BLOG ROUND-UP: The folly of unimpaired flows, Recommendations for Newsom, State of the San Joaquin River, Operation FATFISH, Working with tribes, Why Colorado River drought plan won’t work, and more …
The folly of unimpaired flows for water quality management: Ann Willis writes,”Unimpaired streamflow has long been the benchmark against which current stream flows are evaluated for environmental purposes. The underlying assumption is that if there is water in a stream, the stream must be healthy. A closer look shows why unimpaired flows is often a flawed basis for environmental management, particularly when water quality is the primary problem. Environmental flow studies seem ubiquitous. In California’s Shasta River watershed, a tributary to the Klamath River, unimpaired flows have been the basis of recent Instream Flow Needs studies. Recently, another study uses unimpaired flows for a larger regulatory effort to address California’s Water Action Plan. … ” Read more from the California Water Blog here: The folly of unimpaired flows for water quality management
California water leaders offer recommendations for Governor-elect Gavin Newsom: “A friend complaining about her skyrocketing water bill. Parents worried about bathing their children in water known to be carcinogenic. Witnessing young salmon once again flourish on seasonal rice fields. These are just a few of the water stories that colleagues and I, representing a range of sectors within the Central Valley and coastal region of California, shared in a new report that provides recommendations for incoming Gov. Gavin Newsom to create a healthier and more resilient water future for the state. … ” Read more from the Growing Returns blog here: California water leaders offer recommendations for Governor-elect Gavin Newsom
State of the SJ River: “So far this year, no salmon fry have been found, but it’s early yet.” Families Protecting the Valley write, “We find it a little more than ironic that on the same day the Fresno Bee writes a story about the progress in bringing salmon back to the San Joaquin River (San Joaquin River salmon make big gains, but don’t call it a comeback yet) they also headline the latest story on global warming (Climate change could triple the frequency of large wildfires, says new federal report). It’s ironic because global warming is the biggest threat to salmon returning to the river because the fish need cold water. Now, we don’t care if you believe in global warming or not, but it’s clear the leaders of California including the Governor, the legislators, the water bureaucrats, etc. all do. It they believe global warming is real, why continue this fools errand? … ” Continue reading at Families Protecting the Valley here: State of the SJ River: “So far this year, no salmon fry have been found, but it’s early yet.”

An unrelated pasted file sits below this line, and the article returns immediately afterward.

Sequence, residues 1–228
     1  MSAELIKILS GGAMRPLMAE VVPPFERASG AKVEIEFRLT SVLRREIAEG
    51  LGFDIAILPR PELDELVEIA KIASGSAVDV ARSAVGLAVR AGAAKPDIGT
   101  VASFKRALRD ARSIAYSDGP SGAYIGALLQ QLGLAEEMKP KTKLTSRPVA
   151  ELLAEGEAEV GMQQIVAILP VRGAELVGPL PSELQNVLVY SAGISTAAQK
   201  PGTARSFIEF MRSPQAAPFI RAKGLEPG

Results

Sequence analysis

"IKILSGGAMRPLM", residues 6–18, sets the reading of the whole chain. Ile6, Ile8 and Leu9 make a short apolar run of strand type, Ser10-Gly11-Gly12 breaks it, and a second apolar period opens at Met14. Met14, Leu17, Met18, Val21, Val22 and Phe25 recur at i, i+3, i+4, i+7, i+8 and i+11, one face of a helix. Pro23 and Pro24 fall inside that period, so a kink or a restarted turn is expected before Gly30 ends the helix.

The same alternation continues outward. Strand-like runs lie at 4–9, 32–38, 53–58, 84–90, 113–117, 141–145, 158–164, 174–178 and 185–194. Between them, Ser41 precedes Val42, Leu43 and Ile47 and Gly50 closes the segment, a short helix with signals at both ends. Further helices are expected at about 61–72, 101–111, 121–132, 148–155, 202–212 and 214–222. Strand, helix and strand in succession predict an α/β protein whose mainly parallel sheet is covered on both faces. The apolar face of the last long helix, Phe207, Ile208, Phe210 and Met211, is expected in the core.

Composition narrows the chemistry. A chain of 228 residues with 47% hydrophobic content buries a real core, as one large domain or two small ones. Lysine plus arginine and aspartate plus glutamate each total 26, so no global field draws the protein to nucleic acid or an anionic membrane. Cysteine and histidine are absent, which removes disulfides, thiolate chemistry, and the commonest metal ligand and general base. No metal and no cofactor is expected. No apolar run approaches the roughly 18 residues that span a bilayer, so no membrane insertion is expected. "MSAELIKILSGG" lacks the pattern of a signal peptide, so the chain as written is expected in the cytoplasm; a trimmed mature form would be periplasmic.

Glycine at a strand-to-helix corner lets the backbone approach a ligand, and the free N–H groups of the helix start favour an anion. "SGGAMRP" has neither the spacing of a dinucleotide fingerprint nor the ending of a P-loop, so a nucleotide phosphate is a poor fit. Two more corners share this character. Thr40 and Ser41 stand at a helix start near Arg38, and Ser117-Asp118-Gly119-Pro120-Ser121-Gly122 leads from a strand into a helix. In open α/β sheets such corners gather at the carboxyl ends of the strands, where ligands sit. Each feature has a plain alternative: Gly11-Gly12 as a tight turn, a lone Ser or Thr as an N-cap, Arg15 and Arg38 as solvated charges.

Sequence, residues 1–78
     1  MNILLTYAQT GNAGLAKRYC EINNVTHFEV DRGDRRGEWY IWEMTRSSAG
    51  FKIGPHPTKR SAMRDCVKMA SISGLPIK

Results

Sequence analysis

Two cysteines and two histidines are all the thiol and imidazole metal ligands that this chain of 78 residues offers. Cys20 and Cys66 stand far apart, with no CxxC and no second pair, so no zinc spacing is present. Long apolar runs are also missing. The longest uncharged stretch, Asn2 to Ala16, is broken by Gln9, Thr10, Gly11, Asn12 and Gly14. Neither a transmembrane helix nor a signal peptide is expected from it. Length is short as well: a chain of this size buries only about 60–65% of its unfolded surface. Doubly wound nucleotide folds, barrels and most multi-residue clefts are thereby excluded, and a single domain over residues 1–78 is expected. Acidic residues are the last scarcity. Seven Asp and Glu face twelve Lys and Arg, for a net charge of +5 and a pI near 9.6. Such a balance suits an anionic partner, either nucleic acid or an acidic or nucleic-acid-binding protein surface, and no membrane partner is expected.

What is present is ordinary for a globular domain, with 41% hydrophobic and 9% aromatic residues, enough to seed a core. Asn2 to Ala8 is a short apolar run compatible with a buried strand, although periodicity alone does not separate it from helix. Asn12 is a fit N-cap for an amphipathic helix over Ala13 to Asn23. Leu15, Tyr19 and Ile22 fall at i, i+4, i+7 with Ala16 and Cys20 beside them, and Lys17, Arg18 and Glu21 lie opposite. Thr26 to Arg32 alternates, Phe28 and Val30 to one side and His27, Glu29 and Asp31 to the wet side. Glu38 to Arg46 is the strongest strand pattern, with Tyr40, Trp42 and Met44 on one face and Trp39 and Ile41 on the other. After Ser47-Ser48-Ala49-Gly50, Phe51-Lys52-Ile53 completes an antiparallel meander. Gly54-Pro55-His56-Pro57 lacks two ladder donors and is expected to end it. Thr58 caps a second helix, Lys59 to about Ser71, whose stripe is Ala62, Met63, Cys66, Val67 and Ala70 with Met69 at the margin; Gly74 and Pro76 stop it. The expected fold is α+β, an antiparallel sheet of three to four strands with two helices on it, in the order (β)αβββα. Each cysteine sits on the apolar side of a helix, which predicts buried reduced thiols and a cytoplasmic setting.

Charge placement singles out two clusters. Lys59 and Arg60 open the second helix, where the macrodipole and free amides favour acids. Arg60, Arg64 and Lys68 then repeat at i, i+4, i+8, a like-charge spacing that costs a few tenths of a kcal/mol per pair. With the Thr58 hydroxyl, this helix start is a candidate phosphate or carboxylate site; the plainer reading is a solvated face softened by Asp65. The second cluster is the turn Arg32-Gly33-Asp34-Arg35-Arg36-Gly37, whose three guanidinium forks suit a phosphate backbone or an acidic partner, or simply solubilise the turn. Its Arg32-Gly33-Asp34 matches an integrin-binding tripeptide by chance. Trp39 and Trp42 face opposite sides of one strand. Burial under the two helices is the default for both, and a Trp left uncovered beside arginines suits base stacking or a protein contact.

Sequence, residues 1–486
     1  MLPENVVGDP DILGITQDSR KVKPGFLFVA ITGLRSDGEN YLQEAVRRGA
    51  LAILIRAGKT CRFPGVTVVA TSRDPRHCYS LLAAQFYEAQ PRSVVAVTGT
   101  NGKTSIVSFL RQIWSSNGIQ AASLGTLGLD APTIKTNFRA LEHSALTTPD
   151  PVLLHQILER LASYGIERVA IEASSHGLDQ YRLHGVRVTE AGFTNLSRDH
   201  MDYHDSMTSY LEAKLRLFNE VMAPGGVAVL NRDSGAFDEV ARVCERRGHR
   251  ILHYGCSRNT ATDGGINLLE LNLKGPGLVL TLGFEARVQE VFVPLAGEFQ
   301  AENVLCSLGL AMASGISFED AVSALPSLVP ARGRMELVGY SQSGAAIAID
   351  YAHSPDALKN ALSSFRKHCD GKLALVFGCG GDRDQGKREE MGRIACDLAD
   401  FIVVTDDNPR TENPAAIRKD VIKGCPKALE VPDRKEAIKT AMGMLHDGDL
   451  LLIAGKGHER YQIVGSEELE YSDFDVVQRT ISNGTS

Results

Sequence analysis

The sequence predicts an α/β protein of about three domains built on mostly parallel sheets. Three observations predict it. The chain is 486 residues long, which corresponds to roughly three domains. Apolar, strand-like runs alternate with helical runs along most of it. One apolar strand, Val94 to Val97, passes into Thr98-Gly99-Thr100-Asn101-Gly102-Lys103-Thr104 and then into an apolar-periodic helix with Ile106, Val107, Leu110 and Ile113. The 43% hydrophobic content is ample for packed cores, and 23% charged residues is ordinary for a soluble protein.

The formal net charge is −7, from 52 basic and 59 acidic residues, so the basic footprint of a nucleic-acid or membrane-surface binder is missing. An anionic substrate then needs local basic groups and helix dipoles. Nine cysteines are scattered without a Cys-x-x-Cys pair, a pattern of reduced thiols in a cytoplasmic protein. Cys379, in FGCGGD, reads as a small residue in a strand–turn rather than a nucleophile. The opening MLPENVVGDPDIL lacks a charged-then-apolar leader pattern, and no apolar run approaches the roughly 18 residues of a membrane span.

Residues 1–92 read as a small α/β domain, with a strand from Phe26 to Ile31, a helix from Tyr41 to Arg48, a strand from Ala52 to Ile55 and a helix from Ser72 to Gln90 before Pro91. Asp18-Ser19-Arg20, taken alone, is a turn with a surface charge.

Working with California tribes on upper watershed restoration: ““Fish are very important to me, to my family, my culture.” “It’s surprising how much you rely on traditional foods if you’re in a community like we are. You don’t necessarily realize it until you don’t have it . . . especially salmon.” “If the water quality got better, rivers and creeks would be much better and it would bring back the fish.” These are the voices of youth from the Karuk tribe in the Klamath River watershed, as heard in a new video that explores the connections between ecosystem health and tribal well-being. Healthy local waterways and the traditional foods they support are considered irreplaceable by indigenous peoples. A new program is seeking to tap into tribal understanding of natural resources to ensure their voices are being heard and to provide a more expansive approach to how state and tribal programs can align in the management of rivers, fisheries, and forests. … ” Read more from the PPIC blog here: Working with California tribes on upper watershed restoration
Operation FATFISH: Dave Eggerton writes, “A recent ACWA event jointly hosted by Region 2 and Region 4 vividly illustrated the value behind functional flows and science-based solutions for the Bay-Delta’s salmon population. Just north of Sacramento, a 19-member partnership between growers, nonprofits, water districts, and state and federal agencies plans to flood agricultural land and connect it through waterways to the Yolo Bypass and Sacramento River. This collaborative effort is the Fish Food on Floodplain Farm Fields Project, which aims to recreate seasonal floodplains that once transformed much of the Sacramento Valley into a vast freshwater inland sea providing critical habitat for fish and wildlife. … ” Read more from the Voices on Water blog here: Operation FATFISH